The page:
Alder Street isn’t your typical bluegrass band. The band comprised of Ian Royer (guitar), Chris Kelley (banjo) Aaron Nelson (bass), Jake Beckwith (fiddle), Jesse Lawton (mandolin) and Emily West (drums) bring their own off kilter style of bluegrass on their exceptional album entitled Americannibal. Genres aside this album is extremely fun. The songs resonate with a loose, festive nature that feels organic. It sounds live in the best way possible – it’s the sound of people playing in a room together. The production is minimal and is all the better for it as the instruments sound clear, crisp and as if you are listening to the band play at a venue. The album isn’t exactly short at twelve songs but it’s a breeze to get through. It’s a case of hit play and enjoy.
The first song “The Skinner” is a personal favorite of mine as sound like something you would hear at a Russian circus that had a bit of a Persian/Klezmer theme going. At the focal center is the fiddle, which holds down the fort with some snazzy lead work. The song benefits from tempo changes that sound natural instead of forced and by the end the little dance you were doing has turned to a full fledged sweaty workout.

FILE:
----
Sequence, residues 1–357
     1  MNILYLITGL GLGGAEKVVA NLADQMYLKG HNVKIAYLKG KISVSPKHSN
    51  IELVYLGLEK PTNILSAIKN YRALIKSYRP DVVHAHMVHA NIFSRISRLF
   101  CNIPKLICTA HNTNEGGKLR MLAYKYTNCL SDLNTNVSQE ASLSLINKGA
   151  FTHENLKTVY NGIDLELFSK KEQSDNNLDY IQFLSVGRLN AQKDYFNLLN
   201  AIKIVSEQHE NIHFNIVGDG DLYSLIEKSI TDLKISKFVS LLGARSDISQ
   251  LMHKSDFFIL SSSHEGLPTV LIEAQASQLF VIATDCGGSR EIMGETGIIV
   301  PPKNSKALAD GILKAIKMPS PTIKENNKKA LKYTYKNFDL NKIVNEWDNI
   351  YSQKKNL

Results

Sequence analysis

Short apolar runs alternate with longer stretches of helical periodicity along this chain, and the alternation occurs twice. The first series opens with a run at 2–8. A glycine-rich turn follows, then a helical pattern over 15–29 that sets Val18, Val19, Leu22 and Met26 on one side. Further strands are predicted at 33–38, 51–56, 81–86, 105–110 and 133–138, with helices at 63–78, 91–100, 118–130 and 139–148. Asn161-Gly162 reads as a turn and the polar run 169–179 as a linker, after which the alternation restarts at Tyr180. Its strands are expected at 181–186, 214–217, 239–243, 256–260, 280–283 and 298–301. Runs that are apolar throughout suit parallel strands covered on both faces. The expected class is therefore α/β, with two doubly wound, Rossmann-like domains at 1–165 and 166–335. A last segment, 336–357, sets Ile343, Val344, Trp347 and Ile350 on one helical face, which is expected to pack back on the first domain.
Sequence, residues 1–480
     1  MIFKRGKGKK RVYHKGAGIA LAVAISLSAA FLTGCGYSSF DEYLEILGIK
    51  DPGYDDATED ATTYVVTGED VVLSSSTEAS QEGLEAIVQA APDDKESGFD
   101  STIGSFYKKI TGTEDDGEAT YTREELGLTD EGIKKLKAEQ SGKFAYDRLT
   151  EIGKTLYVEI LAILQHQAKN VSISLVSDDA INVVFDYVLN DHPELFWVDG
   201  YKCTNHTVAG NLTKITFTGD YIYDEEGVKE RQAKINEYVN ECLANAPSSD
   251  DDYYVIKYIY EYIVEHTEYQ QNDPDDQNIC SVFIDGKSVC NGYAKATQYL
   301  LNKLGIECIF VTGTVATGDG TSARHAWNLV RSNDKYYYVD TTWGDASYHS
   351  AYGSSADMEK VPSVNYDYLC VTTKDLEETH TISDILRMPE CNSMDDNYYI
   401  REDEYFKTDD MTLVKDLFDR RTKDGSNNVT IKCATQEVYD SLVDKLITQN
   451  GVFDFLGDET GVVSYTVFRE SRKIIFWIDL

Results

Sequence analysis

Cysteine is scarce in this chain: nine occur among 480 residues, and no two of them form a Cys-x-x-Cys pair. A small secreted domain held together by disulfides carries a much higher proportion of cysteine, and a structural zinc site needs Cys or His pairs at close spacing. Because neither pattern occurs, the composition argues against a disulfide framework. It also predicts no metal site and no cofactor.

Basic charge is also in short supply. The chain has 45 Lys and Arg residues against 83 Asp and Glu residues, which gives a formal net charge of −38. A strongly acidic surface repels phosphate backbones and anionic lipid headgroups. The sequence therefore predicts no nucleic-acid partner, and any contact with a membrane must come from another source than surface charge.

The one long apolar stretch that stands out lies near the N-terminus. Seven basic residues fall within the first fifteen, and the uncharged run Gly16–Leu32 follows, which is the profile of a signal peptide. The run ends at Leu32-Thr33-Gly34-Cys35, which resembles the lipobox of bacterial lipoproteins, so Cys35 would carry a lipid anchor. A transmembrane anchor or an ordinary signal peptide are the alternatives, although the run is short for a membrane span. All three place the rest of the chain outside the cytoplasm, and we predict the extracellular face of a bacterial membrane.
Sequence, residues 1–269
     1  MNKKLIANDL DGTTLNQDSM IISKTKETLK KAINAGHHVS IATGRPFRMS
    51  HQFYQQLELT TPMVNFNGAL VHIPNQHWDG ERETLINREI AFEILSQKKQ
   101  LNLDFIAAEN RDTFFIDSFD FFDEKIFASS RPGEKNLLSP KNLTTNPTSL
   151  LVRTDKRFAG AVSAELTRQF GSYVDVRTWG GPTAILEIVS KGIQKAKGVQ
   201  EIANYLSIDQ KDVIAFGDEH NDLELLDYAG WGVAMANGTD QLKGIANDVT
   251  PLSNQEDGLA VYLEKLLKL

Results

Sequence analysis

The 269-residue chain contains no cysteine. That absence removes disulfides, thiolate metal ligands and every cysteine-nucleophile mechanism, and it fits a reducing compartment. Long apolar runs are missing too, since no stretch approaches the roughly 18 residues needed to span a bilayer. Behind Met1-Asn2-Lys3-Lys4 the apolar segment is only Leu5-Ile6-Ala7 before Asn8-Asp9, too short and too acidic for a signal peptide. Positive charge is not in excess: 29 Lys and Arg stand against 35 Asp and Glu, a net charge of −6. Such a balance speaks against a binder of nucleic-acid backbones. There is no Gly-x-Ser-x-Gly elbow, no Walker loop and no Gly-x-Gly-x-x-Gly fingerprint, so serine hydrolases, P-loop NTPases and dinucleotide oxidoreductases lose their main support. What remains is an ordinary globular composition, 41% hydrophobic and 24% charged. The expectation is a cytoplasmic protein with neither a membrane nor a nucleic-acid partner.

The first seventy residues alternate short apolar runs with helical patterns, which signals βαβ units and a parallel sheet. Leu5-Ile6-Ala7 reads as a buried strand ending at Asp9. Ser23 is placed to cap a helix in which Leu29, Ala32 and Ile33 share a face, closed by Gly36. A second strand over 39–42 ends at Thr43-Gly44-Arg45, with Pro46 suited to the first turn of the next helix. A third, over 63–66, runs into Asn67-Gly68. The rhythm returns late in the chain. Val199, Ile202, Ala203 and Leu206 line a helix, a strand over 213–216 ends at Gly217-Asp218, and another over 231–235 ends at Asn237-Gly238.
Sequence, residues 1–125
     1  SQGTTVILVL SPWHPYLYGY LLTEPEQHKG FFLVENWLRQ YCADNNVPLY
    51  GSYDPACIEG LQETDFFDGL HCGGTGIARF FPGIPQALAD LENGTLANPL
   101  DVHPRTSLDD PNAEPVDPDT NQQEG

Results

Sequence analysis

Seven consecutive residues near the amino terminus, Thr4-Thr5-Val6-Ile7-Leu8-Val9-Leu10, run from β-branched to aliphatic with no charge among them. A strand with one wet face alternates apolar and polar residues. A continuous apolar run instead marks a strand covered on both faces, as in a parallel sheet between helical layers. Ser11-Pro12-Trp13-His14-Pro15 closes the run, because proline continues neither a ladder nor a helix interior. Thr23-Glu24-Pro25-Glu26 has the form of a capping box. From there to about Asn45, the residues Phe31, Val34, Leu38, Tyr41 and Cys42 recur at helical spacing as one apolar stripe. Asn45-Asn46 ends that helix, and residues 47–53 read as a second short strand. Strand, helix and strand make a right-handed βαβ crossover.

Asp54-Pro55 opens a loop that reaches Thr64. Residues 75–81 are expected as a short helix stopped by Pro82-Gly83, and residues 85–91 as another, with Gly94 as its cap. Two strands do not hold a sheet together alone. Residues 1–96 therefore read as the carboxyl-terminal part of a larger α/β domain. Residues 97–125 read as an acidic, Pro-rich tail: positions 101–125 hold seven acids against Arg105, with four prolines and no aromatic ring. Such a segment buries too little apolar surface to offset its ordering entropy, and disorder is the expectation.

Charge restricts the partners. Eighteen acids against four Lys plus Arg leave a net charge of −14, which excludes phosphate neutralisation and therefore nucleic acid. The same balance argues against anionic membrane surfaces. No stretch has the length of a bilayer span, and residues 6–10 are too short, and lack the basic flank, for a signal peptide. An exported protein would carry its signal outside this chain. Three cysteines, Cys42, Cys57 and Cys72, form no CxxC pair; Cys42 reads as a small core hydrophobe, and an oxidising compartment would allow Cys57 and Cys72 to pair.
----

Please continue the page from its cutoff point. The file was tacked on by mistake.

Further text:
“Meat Wagon” is more a straightforward bluegrass song but is still one heck of a knee slapping good time. The vocals are top notch as is pretty much everything else in the song. “House” features female vocals, slows things down a bit and features some mandolin work that will remind you of “Ripple” by the Grateful Dead. It was evident to me that the band enjoys changing BPM. The second half speeds thing up quite a bit, which changes the mood of the song.
“Girl With a Curl” contains some story telling folk on top of the bluegrass while “Johnny Goes To Hell” has some wicked fast vocal melodies, which are a delight to listen to. They close with "Satan’s Mandolin", which showcases some technical mastery you don’t want to miss.
Bluegrass bands are a dime a dozen but what Alder Street has done on Americannibal is back up the fun, festive vibe that bluegrass provides with substantial songs. It is easy to put on this album and enjoy it upon first listen but with repeated listens the songs start to resonate in ways not all bluegrass does. Americannibal is a substantial effort and I am almost positive you won’t be disappointed with what you hear.
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